There is mystique and mystery behind the duo- very little biographical information is known about them- so it is down to the music to fill the gaps and do the talking. It would be nice to know who influences Sameblod and what their plans for next year are. With that being said their music at least raises some points about the importance of energy and colour in Pop music. Too many artists use the genre as a way of exorcising demons and playing clichés to death. You can sing about love and relations without succumbing to doe-eyed proffering and predictable sounds. What Sameblod have shown is how much potential and quality can be gained from injecting fervency and sunshine into their music. Their Nostalgia E.P. is out and contains five tracks that radiate with light, energy and plenty of intrigue. The stunning songs are defined by their originality and stunning compositions. Each track compels vivid images and daydreaming; a lot of thought and investigation. Songs that demand repeated listens and long-term affection; here is a duo that has a good and bright future ahead of them. The E.P. is being greeted with celebratory reaction and fans (new and old) are welcoming it with open arms. Whereas most Pop acts lose momentum over the course of an E.P. there are no such concerns here. From Fade Out’s bright openings to My Fortune’s lucky charms and you have a collection that will keep listeners hooked and invested in every moment. I was keen to dive into the E.P. and select a song to review (Asian Mojito) and came away amazed by the depth and quality of the music. A duo I was new to a few weeks ago, I will be following them very closely- seeing just what the next year has in store for them.
Sameblod have been on the scene a few years now- and have released a number of tracks already. When considering their latest offering it is worth harking back to see how they have developed and changed. What is clear is the passion and commitment they have at the moment. Their earliest days saw them find their sound and solidify their direction. UR Road was unveiled a few years ago and begins with a teasing beat and a twirling electronic sound that bond surprisingly well. Almost infantile in its sound you have a song that is radiant and bright from the very start. The composition itself is perhaps a little more interesting than the words- the vocals are mixed too low making it hard to decipher what is being sung- but that is compensation for the sheer energy and vitality of the music. The pressing and thudding beats keep that insistence and passion bright whilst the electronics weave beautiful patterns and possibilities. As the song nears its end we get something lovely little details and touches come through. Whistles and giddy notes sit with skipping beats and plenty of colour. A terrific early number- only let down by the poor vocal mixing- it showed the duo meant business and had a very distinct and stunning sound.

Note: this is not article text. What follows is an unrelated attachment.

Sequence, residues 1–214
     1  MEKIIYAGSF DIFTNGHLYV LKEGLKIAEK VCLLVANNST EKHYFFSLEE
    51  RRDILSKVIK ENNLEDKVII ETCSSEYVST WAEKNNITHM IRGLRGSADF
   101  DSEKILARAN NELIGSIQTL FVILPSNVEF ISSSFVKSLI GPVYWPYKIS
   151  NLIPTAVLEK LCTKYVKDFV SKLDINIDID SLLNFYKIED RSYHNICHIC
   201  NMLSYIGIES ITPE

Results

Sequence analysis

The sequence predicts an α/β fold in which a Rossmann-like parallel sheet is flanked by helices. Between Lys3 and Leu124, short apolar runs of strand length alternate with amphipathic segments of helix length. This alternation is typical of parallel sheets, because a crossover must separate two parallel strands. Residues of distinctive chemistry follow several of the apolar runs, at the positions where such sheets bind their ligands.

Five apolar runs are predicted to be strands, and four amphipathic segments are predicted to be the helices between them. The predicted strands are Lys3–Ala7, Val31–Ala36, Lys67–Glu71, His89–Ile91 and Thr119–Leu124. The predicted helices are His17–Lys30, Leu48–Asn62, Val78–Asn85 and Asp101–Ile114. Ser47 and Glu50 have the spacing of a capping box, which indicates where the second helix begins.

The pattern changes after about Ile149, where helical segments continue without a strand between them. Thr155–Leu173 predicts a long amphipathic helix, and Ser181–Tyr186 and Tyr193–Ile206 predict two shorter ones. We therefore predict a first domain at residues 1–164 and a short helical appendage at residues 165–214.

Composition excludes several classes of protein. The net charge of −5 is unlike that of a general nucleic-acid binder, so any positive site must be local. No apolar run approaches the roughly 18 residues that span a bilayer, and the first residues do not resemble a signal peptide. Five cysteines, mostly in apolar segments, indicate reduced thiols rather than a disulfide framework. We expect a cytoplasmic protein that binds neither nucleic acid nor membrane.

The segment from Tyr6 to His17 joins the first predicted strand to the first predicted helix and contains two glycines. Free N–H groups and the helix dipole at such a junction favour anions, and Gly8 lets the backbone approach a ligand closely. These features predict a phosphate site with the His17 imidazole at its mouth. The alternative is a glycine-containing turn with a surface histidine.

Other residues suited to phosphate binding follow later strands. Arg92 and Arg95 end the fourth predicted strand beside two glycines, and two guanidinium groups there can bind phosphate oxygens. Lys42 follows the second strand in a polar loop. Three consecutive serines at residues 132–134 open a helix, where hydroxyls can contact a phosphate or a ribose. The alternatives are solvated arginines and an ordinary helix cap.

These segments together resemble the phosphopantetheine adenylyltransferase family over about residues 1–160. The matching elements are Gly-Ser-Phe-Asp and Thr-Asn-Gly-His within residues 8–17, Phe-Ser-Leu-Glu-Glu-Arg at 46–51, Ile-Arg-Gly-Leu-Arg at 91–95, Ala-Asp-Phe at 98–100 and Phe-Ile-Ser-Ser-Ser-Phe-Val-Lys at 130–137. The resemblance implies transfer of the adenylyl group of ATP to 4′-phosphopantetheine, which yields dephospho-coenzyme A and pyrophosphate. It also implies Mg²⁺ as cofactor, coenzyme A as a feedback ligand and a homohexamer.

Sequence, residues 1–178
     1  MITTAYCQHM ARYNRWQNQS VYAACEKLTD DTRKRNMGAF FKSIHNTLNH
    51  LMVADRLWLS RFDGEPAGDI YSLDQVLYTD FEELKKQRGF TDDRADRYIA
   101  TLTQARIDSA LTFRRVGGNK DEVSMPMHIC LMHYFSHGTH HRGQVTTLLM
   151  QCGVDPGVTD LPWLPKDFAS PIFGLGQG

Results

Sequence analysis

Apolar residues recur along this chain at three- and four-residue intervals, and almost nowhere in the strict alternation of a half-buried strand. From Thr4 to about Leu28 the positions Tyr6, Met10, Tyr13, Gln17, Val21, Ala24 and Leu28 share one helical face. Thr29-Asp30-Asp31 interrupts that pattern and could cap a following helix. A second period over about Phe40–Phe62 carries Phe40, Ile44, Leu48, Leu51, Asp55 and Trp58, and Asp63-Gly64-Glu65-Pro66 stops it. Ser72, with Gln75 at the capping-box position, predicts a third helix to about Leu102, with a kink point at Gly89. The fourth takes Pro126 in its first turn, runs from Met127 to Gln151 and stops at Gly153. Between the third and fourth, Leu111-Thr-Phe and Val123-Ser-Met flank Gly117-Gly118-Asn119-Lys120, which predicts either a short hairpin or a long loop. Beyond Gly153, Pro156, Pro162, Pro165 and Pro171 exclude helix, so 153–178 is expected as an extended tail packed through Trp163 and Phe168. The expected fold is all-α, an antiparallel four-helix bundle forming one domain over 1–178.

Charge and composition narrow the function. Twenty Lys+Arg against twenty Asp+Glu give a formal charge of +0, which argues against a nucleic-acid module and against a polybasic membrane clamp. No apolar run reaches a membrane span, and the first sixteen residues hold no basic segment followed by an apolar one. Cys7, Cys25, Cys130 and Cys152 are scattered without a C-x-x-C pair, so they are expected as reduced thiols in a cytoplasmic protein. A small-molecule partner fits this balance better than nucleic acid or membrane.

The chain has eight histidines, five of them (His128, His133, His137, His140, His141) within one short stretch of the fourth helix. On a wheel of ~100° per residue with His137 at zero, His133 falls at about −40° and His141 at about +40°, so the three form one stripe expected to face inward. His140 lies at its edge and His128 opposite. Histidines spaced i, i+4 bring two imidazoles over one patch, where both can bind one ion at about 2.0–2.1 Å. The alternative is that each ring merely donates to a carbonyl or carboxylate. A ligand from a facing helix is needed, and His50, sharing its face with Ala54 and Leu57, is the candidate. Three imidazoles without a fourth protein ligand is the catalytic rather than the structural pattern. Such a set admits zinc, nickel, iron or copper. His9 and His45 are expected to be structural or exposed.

Norwegian Summer shows a more heartfelt and emotive beginning (than UR Road) - well the first few seconds! After that we get explosions of light and fire that brings the track right into the forefront. The lyrics look at someone hiding things “that are growing”. It seems like the worst days are gone- and the best ones are still ahead- which causes some fascination and intrigue. Perhaps assessing a Norwegian Summer- the warmth and tranquility will replace the colder moments- the song promotes some conspiring and interpretation. There are still one or two issues with vocal decipherability (especially towards the chorus) but is improved greatly from their earliest cuts. Again it is the consistent beat that makes the song such a thing of beauty. Our lead wants to take away the days without colour; improve things and make life better. That optimism and belief makes the song an inspiring thing for those listening. Too much of music gets concerned with sadder and heartbroken themes; Sameblod cast their net to greener pastures and aim for the sunshine. Showing emotional and thematic consistency; the duo sound more confident and clear here- a step forward and a necessary development in their music.
Forever arrived around the same time as Norwegian Summer and boats the same kind of introductionary fascination. Tumbling and delirious beats splice with a soothing and emotive electronic swathe to bring a great shiver and warmth to the opening. The song soon gets underway and displays that traditional sun-burst that marks out a Sameblod composition. Entranced in the beats and electronics, you “hide from the things you fear at night”. There is redemptiveness and protection at the song’s heart- something that is a staple of the Swedish duo’s artistry. Few negative thought and intentions can be heart and there is a dedicated bond and connection at work. Whether speaking of a sweetheart or friend, you cannot deny the loyalty and intentions of our hero. The girl has had a hard life and struggled but our hero is urging change and a way to improve thing. Urging her not to stop forever there is that motivational coda that is sing-along and indelible. A message and emotion not often conveyed in music that optimism and uplift never tires at all.